(c) optionally at least one polyether polyol differing from (b) and having a number-average molecular weight of 800 g/mol to 25,000 g/mol and an average functionality of 2.4 to 8,
(d) optionally at least one polymer polyol containing 1 to 50 wt. % filler, relative to the polymer polyol, and having a hydroxyl value of 10 to 149 and an average functionality of 1.8 to 8,
(e) optionally at least one low-molecular chain extender having an average functionality of 1.8 to 2.1 and a molecular weight of up to 750 g/mol and/or at least one crosslinking agent having an average functionality of 3 to 4 and a molecular weight of up to 750 g/mol, in the presence of
(f) at least one amine catalyst and a catalyst mixture comprising
(i) at least one organic titanium and/or zirconium compound,
(ii) at least one organic lithium carboxylate, and
(iii) optionally at least one organic bismuth carboxylate,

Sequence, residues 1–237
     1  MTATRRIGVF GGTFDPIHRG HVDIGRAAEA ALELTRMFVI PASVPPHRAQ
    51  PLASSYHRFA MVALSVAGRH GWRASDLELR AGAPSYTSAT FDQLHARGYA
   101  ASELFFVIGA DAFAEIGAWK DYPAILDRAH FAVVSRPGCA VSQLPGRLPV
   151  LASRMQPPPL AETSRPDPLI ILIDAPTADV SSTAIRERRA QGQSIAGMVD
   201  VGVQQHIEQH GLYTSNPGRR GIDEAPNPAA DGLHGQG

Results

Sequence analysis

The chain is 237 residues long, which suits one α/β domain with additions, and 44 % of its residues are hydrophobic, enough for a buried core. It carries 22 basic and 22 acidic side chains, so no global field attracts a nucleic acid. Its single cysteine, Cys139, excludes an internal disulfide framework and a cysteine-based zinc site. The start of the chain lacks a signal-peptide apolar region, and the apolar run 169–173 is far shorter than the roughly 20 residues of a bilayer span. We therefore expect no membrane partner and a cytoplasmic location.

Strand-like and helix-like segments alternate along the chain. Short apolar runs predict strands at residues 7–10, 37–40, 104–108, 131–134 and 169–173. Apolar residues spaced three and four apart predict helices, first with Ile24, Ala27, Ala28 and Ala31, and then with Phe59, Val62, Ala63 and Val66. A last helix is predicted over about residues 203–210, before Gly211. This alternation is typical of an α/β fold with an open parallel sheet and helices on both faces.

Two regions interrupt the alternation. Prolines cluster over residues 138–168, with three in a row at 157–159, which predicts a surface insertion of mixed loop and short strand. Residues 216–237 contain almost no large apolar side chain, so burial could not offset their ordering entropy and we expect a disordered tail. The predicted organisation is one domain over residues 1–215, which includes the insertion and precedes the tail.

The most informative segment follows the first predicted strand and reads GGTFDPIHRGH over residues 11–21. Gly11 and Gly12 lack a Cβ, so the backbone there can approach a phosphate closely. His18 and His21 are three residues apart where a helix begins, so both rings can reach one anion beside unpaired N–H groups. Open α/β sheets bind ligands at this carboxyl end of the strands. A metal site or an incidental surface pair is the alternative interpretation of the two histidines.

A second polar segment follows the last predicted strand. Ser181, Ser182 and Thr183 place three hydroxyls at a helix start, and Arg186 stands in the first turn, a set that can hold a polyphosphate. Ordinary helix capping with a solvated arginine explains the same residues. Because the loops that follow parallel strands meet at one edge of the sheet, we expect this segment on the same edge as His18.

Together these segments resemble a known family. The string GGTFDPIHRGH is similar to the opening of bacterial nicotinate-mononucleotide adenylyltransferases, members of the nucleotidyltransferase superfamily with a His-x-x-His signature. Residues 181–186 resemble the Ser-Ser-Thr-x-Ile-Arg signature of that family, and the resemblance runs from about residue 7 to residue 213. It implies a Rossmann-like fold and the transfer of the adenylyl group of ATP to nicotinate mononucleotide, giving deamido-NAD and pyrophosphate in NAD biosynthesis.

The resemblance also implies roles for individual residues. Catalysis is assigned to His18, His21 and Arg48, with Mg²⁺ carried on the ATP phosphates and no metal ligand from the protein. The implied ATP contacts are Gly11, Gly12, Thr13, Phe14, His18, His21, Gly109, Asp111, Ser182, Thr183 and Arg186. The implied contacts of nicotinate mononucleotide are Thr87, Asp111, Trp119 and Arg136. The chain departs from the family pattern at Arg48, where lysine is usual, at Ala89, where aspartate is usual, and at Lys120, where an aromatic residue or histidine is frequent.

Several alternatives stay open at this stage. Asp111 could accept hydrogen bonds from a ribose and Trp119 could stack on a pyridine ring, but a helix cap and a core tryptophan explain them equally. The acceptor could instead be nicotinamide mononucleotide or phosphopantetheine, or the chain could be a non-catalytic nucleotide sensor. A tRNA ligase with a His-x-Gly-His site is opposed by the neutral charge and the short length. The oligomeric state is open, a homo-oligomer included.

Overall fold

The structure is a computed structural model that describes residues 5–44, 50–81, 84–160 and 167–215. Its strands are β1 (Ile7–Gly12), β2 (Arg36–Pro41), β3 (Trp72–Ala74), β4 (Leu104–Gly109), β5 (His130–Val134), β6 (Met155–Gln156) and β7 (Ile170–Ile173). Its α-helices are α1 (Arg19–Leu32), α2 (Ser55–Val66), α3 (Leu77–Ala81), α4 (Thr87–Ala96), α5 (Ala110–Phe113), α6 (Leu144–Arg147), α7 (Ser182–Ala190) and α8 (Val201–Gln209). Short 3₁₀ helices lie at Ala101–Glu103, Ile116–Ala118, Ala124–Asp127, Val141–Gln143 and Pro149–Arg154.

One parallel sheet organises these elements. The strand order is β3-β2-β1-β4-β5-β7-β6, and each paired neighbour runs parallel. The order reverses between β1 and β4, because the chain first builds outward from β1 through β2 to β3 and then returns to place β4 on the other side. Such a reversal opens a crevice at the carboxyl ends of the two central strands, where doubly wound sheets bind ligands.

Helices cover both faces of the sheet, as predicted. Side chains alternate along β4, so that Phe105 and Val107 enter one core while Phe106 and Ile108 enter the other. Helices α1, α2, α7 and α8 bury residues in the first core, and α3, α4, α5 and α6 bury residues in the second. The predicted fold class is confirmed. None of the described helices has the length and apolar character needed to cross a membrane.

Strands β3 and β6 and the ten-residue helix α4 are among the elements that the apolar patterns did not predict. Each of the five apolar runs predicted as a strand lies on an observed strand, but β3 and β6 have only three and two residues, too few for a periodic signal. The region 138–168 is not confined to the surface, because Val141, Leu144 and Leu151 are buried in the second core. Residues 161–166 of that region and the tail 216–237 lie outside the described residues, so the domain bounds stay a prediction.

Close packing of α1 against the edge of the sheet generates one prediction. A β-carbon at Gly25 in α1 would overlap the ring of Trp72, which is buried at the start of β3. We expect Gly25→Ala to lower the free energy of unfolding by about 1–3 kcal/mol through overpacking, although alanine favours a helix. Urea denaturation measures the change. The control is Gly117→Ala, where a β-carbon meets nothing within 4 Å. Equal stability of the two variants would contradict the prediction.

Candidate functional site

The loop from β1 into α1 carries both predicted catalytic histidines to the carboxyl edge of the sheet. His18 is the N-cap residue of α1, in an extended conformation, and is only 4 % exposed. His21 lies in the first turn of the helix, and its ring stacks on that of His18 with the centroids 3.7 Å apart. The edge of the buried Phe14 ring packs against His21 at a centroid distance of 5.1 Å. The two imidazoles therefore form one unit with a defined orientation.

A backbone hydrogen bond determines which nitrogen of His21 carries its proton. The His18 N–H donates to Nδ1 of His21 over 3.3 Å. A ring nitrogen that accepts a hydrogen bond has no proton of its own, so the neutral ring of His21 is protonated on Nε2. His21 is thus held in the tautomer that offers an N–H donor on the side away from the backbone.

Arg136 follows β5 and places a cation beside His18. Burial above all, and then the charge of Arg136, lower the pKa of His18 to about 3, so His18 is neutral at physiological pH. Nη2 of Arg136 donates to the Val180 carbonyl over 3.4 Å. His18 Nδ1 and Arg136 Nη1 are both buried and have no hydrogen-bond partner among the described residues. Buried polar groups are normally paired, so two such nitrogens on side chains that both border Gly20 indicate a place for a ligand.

wherein the ratio of titanium ions and/or zirconium ions in component (f)(i) to lithium ions in component (f)(ii) is 0.2:1 to 4:1,
(g) optionally at least one blowing agent, and
(h) optionally at least one additive.
11. The elastomeric molded part according to claim 10, wherein the molded part comprises a shoe sole.
12. The shoe sole according to claim 11, having a density ranging from about 180 to about 1100 kg/m3.
Description
FIELD OF THE INVENTION

The invention is directed to polyurethane elastomers (PU elastomers), a process for their production with special catalyst mixtures and uses thereof.

BACKGROUND OF THE INVENTION

PU elastomers have long been known and have already been customized for a wide variety of applications, see for example U.S. Pat. No. 5,952,053. In order to control their polymerization rates, a large number of diverse metal catalysts have been investigated and used. In addition to the widespread use of organotin compounds, it is also known to use organic compounds or organic salts of various other elements, such as lithium, titanium and bismuth.